Wise Conversion of Employment Lands

On Dec. 2nd Council agenda there is a report regarding requests for conversion of designated employment lands in King City, Nobleton and Schomberg.  In an earlier post I reviewed why such requests are very important and I summarized the process.   In this report there are updates on how the applications have evolved:  the King Hill one (former Magna lands) and the Boynton lands (current sod farm) both offer benefits and have been modified significantly to address earlier feedback.

The conversion of designated employment lands  merits extremely careful consideration due to the long term economic consequences; but, with the right alternative I think making conversions is appropriate.  The “profile” of what employment is, how much land it requires has dramatically changed since the 1990’s when the King City Community Plan was developed.  The recent proposal for King Hill increases the amount of land to continue being employment (21.5 ha vs original proposal of 13.8), increases mixed use (9.95 ha from 7.1) and eliminates the idea of 10.61 ha being designated for low density residential development.  I am very happy to see the elimination of the low density area; King and particularly King City does not need more single detached homes.  There are exciting possibilities for the mixed use land:  apartments, traditional townhouses, long term care/retirement living apartments.)  Criteria for evaluating proposals for these lands is not solely the economic impact on the Township;  very importantly there is consideration for what this gateway to King City will look like and how this will look across from the prestigious residential development on north side of King Road.  The report covers all of this very thoroughly.

The proposal to convert lands in Nobleton is also evolving in response to York Region and King Staff feedback.  At this stage the request for the Schomberg lands is not supported by Staff.

These conversion requests are being managed through the regional Municipal Comprehensive Review (MCR).  Next stage is a report in first quarter 2020.

3 Responses to “ “Wise Conversion of Employment Lands”

  1. Mike says:

    Sorry Debbie I have read the report and the devil is in the detail. This is a joke. 4 areas for employment the two major ones include surface parking and storm ponds. And only single story employment buildings 1 is a park so not really employment lands and other also has very little employment.
    The focus of this “new “ plan is town houses and three story condos with commercial on ground floor Town planners actually need to look at the actual amount of land used for employment. My read this is a town house community with a low density single story office building.

    Terrible terrible terrible.

    Property taxes in king are outrageous solely because we only have homes and very little commercial and industrial. This makes it worse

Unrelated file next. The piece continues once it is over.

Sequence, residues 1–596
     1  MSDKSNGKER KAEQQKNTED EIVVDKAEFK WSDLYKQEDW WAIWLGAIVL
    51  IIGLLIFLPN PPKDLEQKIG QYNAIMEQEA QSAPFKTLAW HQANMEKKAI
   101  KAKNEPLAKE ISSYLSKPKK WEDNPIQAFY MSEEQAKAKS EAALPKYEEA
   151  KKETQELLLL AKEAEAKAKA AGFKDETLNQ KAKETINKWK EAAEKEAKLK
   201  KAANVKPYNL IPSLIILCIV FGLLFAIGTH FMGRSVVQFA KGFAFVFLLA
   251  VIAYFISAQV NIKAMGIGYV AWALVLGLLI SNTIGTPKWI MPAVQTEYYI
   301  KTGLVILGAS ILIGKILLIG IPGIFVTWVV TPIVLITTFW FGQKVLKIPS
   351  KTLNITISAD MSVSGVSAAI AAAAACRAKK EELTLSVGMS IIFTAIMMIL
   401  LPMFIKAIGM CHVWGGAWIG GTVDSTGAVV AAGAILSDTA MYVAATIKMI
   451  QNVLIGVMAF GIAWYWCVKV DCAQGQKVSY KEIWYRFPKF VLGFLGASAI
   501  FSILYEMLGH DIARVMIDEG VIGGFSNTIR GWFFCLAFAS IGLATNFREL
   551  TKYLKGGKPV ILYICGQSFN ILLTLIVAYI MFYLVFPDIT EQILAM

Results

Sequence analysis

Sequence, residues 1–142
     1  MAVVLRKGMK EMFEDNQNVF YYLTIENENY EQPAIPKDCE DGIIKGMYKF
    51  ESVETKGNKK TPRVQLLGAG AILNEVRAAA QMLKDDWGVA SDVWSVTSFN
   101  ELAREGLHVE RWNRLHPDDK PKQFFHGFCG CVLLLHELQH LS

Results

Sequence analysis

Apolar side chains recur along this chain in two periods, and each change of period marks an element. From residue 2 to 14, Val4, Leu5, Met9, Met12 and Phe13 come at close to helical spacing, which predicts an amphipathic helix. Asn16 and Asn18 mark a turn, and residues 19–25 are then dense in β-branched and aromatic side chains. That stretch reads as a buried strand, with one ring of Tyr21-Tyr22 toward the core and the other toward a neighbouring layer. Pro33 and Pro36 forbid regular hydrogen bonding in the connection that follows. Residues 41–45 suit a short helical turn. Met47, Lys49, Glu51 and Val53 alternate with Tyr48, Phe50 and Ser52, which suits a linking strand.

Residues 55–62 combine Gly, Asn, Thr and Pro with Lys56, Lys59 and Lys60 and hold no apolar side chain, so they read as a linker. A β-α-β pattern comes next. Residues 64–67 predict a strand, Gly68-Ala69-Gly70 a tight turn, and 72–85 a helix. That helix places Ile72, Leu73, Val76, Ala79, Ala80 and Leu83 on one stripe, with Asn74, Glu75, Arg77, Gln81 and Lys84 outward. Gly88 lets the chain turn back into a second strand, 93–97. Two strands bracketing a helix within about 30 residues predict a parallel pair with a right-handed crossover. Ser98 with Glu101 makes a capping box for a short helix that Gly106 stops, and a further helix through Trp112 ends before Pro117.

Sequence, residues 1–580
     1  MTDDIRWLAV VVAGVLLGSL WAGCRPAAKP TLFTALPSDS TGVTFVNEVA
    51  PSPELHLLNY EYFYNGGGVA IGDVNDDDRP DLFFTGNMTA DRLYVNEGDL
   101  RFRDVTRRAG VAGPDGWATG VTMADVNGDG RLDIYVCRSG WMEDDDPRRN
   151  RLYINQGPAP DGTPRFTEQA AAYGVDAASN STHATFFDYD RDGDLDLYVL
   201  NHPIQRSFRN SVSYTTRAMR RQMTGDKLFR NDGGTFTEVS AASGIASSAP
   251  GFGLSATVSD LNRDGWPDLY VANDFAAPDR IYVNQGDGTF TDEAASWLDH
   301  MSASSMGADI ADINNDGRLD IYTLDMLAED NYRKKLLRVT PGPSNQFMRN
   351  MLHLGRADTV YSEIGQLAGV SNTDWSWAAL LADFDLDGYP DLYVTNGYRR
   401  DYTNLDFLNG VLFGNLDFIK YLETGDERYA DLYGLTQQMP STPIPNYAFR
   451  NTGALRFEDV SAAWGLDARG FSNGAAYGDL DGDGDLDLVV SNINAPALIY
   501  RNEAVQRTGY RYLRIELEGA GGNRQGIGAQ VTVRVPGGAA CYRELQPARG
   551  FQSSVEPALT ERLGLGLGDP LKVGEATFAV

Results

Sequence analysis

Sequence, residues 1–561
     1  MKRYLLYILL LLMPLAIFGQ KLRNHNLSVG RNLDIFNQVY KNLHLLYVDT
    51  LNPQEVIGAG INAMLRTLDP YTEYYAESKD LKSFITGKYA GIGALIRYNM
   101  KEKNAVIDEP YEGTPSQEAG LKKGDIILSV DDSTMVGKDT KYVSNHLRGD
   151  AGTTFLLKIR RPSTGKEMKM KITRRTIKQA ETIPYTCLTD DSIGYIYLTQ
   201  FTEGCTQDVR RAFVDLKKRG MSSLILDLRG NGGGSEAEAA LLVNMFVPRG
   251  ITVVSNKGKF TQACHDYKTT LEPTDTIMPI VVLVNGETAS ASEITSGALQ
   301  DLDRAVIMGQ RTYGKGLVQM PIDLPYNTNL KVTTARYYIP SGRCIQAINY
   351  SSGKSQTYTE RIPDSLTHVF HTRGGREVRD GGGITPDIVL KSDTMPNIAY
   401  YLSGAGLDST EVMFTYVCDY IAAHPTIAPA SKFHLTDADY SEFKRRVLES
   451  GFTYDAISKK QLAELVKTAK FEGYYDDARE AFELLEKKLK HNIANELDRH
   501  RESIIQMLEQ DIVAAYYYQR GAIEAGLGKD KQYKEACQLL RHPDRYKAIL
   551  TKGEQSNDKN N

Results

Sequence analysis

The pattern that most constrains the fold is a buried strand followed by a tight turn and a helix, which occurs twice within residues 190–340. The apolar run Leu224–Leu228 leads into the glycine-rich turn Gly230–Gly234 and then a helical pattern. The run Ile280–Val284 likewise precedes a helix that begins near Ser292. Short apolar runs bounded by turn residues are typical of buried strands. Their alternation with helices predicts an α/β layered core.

I would like to see sq m calculation of floor space employment vs residential. I bet residential is larger by no less than 3 to 1

    This is an absolute no

    • Debbie says:

      Hi Mike, I think we have the same desire: good employment in King. Magna was ideal; but they decided not to build and sold. King Hill is taking advantage of opportunity created by new provincial government to convert lands designated for employment: their first proposal was 13.6 ha left for employment and 10.6 ha for single detached; new proposal is 21 for employment and 7.1 for mixed use including residential (i.e. apartments and townhouses.) As noted in the report YR did not support the 1st proposal; since then developer has been working with King to modify it to reflect our needs. Yes we need employment and the 2nd proposal could support 1640 jobs. And we also need different housing formats which the second proposal offers. In summary: I do not agree that this proposal is terrible. (Reality check: before Magna the property owner was considering warehousing which would take up alot of space but deliver few jobs; We were save from that by Magna and they changed their minds; we now have a government willing to convert employment lands and are anxious to see more housing.)

      • Mike says:

        Noted and thanks for the comment but you missed my point. The detail would suggest way more sq m usage for residential then employment. What are the numbers on the buildings? Most of the employment land is seemingly low density with surface parking and storm water ponds. This plan seems to be nothing more than row houses with a little bit of employment which my guess at this point would be commercial. Until I see sq m numbers it seems this remains a terrible plan. As for you comment on residential. I get it However, this is at the extreme of the King city core. There is no transit and density there with king road and a pathetic 2 lane Jane st is not justified nor supportable with current infrastructure Again,This is a terrible plan

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